I fell down the rabbit hole.

My intention, when I started this "in-depth column" on how to make art work, was to post short, blog-like entries more often than we had posted content in the past and more often than I have in the past two weeks.

What is the word for something that actually proves in the doing of it, the point you’re trying to make in the telling of it? There must be a word for that. Because I set out to write about how hard it is to devote your full attention to the performing arts while trying to survive and discovered how hard it is to devote my full attention to writing a good article about surviving in Minnesota’s performing arts.

You see (beyond the demands of the other work I do to make ends meet), as I started to ask questions about how people in the performing arts survive, I feel like I fell down a rabbit hole into a bizarre world that looks vaguely similar to the performing arts world but isn’t really.

In comments on my first post, Sid Solomon insisted, "Much of the top tier acting talent in the Twin Cities came here (or decided to stay here) because you CAN make a living and raise a family as a professional artist." We’ll give him a pass for the moment on the fact that he seems to only care about "acting talent in the Twin Cities" and acknowledge that he makes a fair point—there are numerous professional talents (actors but also writers, designers, directors, stagehands, and more) who cobble together livings in the Twin Cities.

And, on the plus side, more working talent attracts more work, and more work attracts more talent. "I definitely think more stuff does get done here because there’s a good acting community," said Tom Poole of Talent Poole Talent Agency. "And that is supported by the theater community. I think that’s a strong element," of the success Talent Poole has had finding commercial work for those they represent.

Unfortunately, almost none of their people cobble together a living in the performing arts. They are using skills they acquired and sharpened in the performing arts, but they aren’t making their living on stage at all.

Talent Poole represents over 400 people in the non-equity world of "on-camera work" and voiceovers. "What people do through us is largely part of what they manage to put together for their career," he said. "They may work at radio stations, they may be teachers, they may teach yoga and act in plays. There are various ways people piece together a living in town."

In a conversation with Mike Hallenbeck, local sound designer, I heard similar stories about light, sound, and costume designers in town. Many of them work with the skills they use in the performing arts, but few of them make their living using those skills for shows. Mike himself, for example, makes far more money doing video production work, among other things, than he ever gets from theater.

Did you too receive an email from local comedy hero Joseph Scrimshaw about his new theater company, Joking Envelope? Did you also notice that it isn’t just a theater company but a full service dramatic writing corporation? Through Joking Envelope, you can hire Joe to do a script for your next corporate event; he’s even "curated live variety" shows for "3000 visiting librarians." Basically, the website screams, I’ll come up with jokes about anything as long as you pay me for it.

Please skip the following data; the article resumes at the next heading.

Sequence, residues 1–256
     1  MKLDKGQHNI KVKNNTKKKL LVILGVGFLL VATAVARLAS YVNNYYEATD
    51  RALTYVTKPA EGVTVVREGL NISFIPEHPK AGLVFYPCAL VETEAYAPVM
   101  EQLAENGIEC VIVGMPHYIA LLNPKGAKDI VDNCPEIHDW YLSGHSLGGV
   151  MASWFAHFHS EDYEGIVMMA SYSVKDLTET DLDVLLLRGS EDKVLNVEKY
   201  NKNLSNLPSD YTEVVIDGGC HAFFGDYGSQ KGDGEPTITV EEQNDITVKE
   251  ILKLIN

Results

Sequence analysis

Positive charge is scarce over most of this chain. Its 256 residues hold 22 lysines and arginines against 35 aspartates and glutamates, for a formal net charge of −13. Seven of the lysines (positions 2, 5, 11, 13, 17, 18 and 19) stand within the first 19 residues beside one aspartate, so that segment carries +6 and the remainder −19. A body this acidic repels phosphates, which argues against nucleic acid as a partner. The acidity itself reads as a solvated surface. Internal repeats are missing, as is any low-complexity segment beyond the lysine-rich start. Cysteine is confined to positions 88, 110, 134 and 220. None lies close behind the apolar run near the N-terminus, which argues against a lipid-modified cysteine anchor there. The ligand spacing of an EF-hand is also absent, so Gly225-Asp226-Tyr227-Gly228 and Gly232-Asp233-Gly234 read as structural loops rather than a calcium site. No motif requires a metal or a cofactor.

For the past week and a half, I’ve been pursuing, as best I can, stories about these other jobs that designers and writers do to make ends meet, how precisely different artists cobble together paychecks in different ways, the financial implications of how union and non-union camera work conflicts. . . Of course, I’ve entirely stopped thinking about how we make art work and have been obsessed, basically, by how we make work, work.

Is no one here making a secure living through the 800+ million dollars that art contributes to Minnesota’s economy? 1000 new non-profits nationwide and working in the performing arts is only slightly more secure than migrant farm work?


Marketing experts have salaries at performing arts institutions. Fund raisers, development directors, box office workers also make a little money. Business managers and book-keepers do OK. Stagehands have a very powerful union.


On the one hand, there are local artists who are able to cobble together a living using the skills they practice on stages or behind the scenes. They just generally aren’t able to cobble that living together through the stages they work at.

On the other hand, there are people making annual salaries and getting benefits from the performing arts industry—they just aren’t getting those salaries and benefits for actually being artists.

Don’t misunderstand my confusion: I know that arts administrators work longer hours than they should for less money than they could make in a corporate job and very little public thanks. Also, many of them are moonlighting performing artists themselves. I don’t think they don’t or shouldn’t earn their salaries.

However, if we can afford to pay people regular salaries and provide benefits to help make art, shouldn’t more of those people actually also be artists? Why not? Is a capable marketing associate really more in demand in a theater than a talented actor or playwright?

For my own sanity, I’m going to spend some time talking with the performing artists who actually do make their living exclusively through making art in Minnesota. If you’re out there, email me.